The invention of the analog camera and picture taking changed how scientists view the subject of objectivity. The presence of the camera in society rendered all images that were painted by an artist to be called a depiction. Since the camera was a mechanical instrument, scientists viewed the images generated by the new apparatus as more objective, or mechanically objective to be precise. The reasons were few. The first one was the camera can take many identical pictures, so it was a model of standardization. Second, the camera did not interpret the images, it just took them. So, the camera was seen as instrument of authenticity. And third, the camera was present at all times, but it took pictures only when the scientists operated with it, thus the camera was sees as silent observer. To summarize, the images taken with the camera were not only seen as more honest than artistically produced images, but they were seen as mechanically objective, because humans were not involved in re-producing them.
But the camera did not end the objectivity debate because, as it was observed, the images taken by the new technology varied based on few factors. The variation of the images depended on the location of the camera, the x-ray tube or the object. Further, it was noticed that the images taken with the camera might not include all the details presented in the object. By late 19th century, the mechanically taken images changed the burden of objectivity to the reader of the image. This new direction of objectivism was marked by the self-control of the scientists. Meaning, the scientists were trying to manage their own prejudices, but at the same time they were not afraid of moral judgment against their piers. This process grew to a complete mechanical representation of all the body parts and species by the mid 20th century. The images were showing all the imperfections characteristic for the specific object that was photographed.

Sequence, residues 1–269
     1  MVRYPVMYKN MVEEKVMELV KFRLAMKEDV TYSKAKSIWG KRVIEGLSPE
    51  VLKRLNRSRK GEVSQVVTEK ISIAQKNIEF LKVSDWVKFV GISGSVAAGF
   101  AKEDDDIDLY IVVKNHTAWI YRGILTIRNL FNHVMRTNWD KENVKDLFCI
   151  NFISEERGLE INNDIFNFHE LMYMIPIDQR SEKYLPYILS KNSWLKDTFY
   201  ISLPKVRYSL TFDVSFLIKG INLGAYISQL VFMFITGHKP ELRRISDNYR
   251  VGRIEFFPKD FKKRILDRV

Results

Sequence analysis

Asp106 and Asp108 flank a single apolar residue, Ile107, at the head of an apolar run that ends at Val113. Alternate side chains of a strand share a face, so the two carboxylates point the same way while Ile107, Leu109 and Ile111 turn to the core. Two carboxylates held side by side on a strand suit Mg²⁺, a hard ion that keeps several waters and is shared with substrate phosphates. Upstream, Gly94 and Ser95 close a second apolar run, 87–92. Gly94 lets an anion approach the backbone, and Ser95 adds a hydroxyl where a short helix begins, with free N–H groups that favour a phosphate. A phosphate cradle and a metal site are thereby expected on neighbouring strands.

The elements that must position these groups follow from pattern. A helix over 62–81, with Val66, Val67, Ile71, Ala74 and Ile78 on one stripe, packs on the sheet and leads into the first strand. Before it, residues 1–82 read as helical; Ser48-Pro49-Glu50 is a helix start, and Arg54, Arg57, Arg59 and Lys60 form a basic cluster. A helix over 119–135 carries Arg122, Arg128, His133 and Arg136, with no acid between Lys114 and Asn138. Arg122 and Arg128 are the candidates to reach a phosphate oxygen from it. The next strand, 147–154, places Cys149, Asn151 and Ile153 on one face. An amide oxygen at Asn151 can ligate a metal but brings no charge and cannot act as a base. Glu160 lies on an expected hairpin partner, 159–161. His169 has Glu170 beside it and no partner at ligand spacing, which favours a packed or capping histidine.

This shift in objectivism shows the different moral approaches of the time. The scientists from the “truth to nature” period were trying to show the perfect or the ideal image of nature, even though that image may not exist in real life. While the scientists from the period characterized by mechanical
objectivity were required to show what was exact, specific and characteristic of the object they will photographing. Thus, by using mechanical instruments they were showing the real world.